Or I'm just saying it because that's what I want in a new phone. :)
 

memphist0

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I think it has less to do with market saturation and more to do with carriers not subsidizing phones anymore. Now people understand the true cost.
 

Ryokurin

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I think it has less to do with market saturation and more to do with carriers not subsidizing phones anymore. Now people understand the true cost.
Not really. Prices were lowered enough so that the phone payment is a wash from what people typically pay for service. And chances are if you are on a budget carrier your credit was bad enough that you had to pay a couple of hundred down to get a phone anyways. Understanding the true costs was just a convenient lie, similar to how cord cutting was being caused by the economy, while online accounts were increasing at the same time.
 

TheHig

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Still rocking my Lumia icon that I had to upgrade to Win phone 10 via Microsoft, thanks Verizon, and my Wife still has her Glaxy S 5. I get a solid discount through work with Verizon and the phones are paid for so we are running them to the fail point. Previous comments are spot one regarding saturation, hardware capabilities and enough feature enhancements to warrant upgrades are slowing down. Once you get over the fashion statement with the latest and greatest the phone reverts to the being the tool that it always was.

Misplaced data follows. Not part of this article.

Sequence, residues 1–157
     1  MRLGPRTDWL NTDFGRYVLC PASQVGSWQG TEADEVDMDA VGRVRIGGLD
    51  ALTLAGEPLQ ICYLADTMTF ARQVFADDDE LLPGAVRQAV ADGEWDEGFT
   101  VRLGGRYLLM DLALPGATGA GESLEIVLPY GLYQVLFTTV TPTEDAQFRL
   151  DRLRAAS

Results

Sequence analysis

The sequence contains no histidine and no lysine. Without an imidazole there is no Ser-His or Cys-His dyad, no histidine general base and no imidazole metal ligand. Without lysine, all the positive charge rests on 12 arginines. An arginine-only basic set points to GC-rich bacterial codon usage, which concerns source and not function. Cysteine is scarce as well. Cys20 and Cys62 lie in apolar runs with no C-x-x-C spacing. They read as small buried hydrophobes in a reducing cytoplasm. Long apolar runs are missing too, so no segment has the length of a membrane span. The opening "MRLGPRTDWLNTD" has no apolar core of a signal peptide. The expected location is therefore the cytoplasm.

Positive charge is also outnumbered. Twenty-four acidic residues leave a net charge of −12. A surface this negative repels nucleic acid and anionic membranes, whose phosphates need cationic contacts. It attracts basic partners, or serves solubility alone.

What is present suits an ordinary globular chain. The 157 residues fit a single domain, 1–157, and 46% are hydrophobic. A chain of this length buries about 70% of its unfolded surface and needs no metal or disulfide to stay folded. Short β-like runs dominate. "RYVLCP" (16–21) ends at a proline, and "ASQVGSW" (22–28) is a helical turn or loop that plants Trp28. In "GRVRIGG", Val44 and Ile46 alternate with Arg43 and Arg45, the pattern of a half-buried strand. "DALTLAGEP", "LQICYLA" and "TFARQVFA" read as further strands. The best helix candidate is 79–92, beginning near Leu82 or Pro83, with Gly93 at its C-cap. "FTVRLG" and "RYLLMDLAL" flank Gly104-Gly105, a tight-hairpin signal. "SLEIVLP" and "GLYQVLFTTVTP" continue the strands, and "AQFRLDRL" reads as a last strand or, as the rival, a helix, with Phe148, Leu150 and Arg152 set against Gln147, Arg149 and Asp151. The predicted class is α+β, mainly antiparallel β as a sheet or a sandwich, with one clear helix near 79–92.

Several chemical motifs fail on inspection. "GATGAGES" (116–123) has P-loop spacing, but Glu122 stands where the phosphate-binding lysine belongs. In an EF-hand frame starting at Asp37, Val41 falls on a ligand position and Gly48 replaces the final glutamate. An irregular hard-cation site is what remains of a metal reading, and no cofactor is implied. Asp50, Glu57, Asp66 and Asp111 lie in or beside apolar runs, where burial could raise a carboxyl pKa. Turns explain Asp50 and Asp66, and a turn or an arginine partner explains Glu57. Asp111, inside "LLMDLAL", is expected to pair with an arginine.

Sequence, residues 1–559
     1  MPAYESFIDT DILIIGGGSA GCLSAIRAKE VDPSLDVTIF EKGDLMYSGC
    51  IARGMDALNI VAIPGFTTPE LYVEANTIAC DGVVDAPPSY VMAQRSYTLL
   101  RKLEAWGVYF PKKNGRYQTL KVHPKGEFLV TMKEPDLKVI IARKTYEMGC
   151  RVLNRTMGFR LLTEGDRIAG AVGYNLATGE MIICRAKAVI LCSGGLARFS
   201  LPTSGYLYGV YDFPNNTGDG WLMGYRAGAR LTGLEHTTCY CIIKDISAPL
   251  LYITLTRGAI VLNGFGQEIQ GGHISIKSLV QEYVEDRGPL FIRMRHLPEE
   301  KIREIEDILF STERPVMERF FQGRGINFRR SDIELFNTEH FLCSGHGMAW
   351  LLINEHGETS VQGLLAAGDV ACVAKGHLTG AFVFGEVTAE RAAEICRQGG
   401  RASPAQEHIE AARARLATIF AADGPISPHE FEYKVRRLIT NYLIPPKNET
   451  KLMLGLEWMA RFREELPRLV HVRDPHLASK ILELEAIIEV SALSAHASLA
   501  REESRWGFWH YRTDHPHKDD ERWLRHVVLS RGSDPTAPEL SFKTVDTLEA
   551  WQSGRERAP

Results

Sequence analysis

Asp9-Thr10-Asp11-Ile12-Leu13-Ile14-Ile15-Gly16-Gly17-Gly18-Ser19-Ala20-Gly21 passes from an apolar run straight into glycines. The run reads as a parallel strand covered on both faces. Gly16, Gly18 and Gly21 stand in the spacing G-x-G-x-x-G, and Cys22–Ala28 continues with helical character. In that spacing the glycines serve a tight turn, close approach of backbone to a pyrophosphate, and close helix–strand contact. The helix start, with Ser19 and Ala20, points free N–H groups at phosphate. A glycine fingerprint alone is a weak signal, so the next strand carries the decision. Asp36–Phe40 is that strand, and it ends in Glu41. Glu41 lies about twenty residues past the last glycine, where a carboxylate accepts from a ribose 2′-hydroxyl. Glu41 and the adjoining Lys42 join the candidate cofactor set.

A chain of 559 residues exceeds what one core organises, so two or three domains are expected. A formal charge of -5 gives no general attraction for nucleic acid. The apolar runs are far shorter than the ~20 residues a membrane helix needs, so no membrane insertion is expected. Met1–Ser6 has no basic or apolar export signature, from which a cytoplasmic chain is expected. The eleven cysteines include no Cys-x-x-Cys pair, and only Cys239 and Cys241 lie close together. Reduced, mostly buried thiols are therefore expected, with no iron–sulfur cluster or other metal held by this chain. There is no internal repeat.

Cheers!
 

memphist0

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Not really. Prices were lowered enough so that the phone payment is a wash from what people typically pay for service. And chances are if you are on a budget carrier your credit was bad enough that you had to pay a couple of hundred down to get a phone anyways. Understanding the true costs was just a convenient lie, similar to how cord cutting was being caused by the economy, while online accounts were increasing at the same time.
You don't think people got sticker shock when seeing a Galaxy S7 for $650 after they had been used to maybe just $100 out of pocket (up front)? And their financing options are a joke. I just compared my old plan cost that had 2 subsidized phones to their new plans cost plus the cost of two new phones and it was almost $30 higher a month for the same level of service and credit score is excellent.

I think it has been a great trick by the carriers to unbundle their packages to make people think they are spending less.
 

Ryokurin

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I doubt they are looking at the price .